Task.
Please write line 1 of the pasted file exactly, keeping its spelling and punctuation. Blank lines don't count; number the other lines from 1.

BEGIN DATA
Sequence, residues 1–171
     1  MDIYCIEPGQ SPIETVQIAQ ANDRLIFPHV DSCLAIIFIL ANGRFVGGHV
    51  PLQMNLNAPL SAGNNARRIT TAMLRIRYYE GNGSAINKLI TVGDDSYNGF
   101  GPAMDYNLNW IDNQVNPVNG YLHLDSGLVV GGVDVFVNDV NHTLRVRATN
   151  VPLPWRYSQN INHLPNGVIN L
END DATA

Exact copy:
Sequence, residues 1–171